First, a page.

The History of Rome, Volume 2

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Peter A. Mesier, 1823
 

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Pagina 462 - During this winter, at Rome, and in its vicinity, many prodigies either happened, or, as is not unusual when people's minds have once taken a turn towards superstition, many were reported and credulously admitted. Among others, it was said, that an infant of a reputable family, and only six months old, had, in the herb-market, called out, " lo, Triumphe ;" that, in the cattle-market...
Pagina 258 - Potitian family, all grown-up persons, to the number of thirty, yet they were every one, together with their offspring, cut off within the year; so that the name of the Potitii became extinct, while the censor Appius also was, by the unrelenting wrath of the gods, some years after, deprived of sight.
Pagina 427 - Hannibal, wondering what obstructed the march, that the rock was impassable. Having then gone himself to view the place, it seemed clear to him that he must lead his army round it, by however great a circuit, through the pathless and untrodden regions around. But this route also proved impracticable; for while the new snow of a moderate depth remained on the old, which had not been removed, their footsteps were planted with ease as they walked upon the new snow, which...
Pagina 422 - And now, notwithstanding that the men had already conceived ' notions of the scene from report, which, in cases capable of misrepresentation, generally goes beyond the truth, yet the present view exhibited such objects as renewed all their terrors ; the height of the mountains, the snows almost touching the sky, the wretched huts standing on the cliffs, the cattle and beasts shivering with the cold, the people squalid and in uncouth dress...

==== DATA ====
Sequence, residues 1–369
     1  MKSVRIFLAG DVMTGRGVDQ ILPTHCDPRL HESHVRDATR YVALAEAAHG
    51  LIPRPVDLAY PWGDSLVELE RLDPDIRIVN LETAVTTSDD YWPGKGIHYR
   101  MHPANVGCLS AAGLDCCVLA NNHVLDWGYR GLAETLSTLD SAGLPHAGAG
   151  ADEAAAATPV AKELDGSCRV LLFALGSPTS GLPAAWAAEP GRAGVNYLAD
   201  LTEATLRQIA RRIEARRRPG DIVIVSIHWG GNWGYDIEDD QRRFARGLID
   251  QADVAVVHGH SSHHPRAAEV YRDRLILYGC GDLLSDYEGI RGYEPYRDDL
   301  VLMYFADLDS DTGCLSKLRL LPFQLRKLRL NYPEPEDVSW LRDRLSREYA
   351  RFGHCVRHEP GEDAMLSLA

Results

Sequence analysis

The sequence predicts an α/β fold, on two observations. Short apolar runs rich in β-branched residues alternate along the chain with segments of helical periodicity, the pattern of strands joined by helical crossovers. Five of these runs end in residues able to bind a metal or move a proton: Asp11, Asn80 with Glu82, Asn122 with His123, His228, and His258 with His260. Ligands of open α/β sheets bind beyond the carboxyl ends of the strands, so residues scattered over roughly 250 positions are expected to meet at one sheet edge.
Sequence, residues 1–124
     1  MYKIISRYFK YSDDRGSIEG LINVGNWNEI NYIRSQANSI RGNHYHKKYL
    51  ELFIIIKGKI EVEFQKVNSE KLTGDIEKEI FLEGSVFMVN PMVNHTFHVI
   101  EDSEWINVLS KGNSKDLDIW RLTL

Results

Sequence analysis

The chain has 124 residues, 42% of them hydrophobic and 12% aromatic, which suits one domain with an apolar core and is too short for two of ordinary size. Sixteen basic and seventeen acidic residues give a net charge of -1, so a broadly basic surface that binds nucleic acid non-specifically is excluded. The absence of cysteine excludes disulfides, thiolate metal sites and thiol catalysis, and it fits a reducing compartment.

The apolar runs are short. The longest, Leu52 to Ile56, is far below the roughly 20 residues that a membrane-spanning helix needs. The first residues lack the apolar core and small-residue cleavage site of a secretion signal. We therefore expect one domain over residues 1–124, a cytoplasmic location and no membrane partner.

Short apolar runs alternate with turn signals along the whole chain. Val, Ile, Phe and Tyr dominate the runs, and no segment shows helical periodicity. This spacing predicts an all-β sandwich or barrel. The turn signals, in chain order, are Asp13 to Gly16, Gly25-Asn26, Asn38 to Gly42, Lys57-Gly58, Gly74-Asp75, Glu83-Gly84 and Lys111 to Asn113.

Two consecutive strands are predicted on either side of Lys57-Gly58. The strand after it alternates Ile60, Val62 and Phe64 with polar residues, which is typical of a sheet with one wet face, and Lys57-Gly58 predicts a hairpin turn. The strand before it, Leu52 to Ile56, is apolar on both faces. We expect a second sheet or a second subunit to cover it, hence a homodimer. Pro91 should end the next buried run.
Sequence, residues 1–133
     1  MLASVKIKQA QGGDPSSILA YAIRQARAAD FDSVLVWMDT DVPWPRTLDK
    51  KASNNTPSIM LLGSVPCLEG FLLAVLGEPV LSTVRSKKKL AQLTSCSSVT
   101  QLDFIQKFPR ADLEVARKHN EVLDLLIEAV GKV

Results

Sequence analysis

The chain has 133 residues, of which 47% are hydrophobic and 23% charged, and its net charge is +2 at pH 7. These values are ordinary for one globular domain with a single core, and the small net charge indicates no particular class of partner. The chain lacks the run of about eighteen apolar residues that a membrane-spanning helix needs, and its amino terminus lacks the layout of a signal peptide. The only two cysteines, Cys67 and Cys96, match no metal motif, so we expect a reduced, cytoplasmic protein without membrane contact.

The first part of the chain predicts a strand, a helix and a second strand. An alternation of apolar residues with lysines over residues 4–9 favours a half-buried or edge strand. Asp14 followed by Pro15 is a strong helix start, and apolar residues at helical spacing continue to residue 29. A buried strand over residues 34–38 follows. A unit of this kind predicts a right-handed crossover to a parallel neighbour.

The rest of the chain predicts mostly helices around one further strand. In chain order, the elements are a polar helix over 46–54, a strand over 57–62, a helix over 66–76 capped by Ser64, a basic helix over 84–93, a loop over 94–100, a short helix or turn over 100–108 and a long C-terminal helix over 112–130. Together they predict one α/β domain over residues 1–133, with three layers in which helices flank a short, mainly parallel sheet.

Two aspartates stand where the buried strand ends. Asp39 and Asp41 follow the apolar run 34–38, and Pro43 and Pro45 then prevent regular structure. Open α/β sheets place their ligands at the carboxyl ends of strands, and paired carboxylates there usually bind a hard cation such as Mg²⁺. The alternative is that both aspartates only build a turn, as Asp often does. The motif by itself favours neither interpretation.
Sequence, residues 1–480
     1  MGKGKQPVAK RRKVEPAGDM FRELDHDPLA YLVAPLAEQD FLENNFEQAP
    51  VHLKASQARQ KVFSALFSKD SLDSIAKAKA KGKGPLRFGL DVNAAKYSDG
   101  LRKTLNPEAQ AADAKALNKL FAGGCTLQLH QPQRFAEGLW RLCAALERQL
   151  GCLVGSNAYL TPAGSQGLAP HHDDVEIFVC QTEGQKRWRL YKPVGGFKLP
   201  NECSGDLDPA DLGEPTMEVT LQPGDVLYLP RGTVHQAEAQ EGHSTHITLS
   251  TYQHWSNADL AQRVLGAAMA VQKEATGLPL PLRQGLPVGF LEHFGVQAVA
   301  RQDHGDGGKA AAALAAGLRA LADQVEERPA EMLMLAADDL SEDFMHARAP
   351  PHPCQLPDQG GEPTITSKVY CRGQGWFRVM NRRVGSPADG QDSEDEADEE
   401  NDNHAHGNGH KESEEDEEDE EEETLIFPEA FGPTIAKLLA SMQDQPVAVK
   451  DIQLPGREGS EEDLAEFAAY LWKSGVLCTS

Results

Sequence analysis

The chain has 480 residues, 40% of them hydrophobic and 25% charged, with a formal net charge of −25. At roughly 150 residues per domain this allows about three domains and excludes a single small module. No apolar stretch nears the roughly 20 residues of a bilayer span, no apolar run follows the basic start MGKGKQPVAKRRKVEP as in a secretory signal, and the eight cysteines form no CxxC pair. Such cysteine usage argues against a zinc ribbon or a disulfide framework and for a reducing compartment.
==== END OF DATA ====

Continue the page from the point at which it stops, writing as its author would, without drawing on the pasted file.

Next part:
Pagina 434 - We yielded to their prayers for pardon ; we released them from the blockade ; we made peace with them when conquered ; and we afterwards held them under our protection, when they were borne down by the African war. In return for these benefits...
Pagina 237 - Now these particulars, to one who considers them both separately and collectively, must clearly convince an observer, that not only other kings and nations, but that even Alexander himself, would have found the Roman empire invincible. And first to begin with comparing the commanders. I do not, indeed, deny that Alexander was a captain of consummate merit; but still...
Pagina 436 - Often has a despised enemy maintained a bloody contest, and renowned nations and kings been vanquished by exertions of very moderate force. For, setting aside singly the present splendour of the Roman name, in what one particular are they to be compared with you? Not to mention your service, for the last twenty years, performed with so great bravery and so great success, you have effected a march to this place from the pillars of Hercules, from the ocean, and the remotest limits of the world; opening...
Pagina 239 - What must have been the consequence, if his love of wine had daily become more intense? if his fierce and uncontrollable anger? And as I mention not any one circumstance of which there is a doubt among writers, do we consider these as no disparagements to the qualifications of a commander? But then, as is frequently repeated by the silliest of the Greeks, who are fond of exalting the reputation, even of the Parthians, at the expense of the Roman name...
Pagina 402 - Roman people had ordered might have a prosperous and happy issue. The forces were divided between the consuls in this manner : to Sempronius were assigned two legions, containing each four thousand foot and three hundred horse, and of the allies sixteen thousand foot, and one thousand eight hundred horse, with one hundred and sixty ships of war, and twelve light gallies.
Pagina 435 - On the right and left two seas enclose you, without your possessing even a single ship for escape. The river Po around you, the Po larger and more impetuous than the Rhone; the Alps behind, scarcely passed by you when fresh and vigorous, hem you in. Here, soldiers, where you have first met the enemy, you must conquer or die; and the same fortune which has imposed the necessity of fighting holds out to you, if victorious, rewards than which men are not wont to desire greater, even from the immortal...

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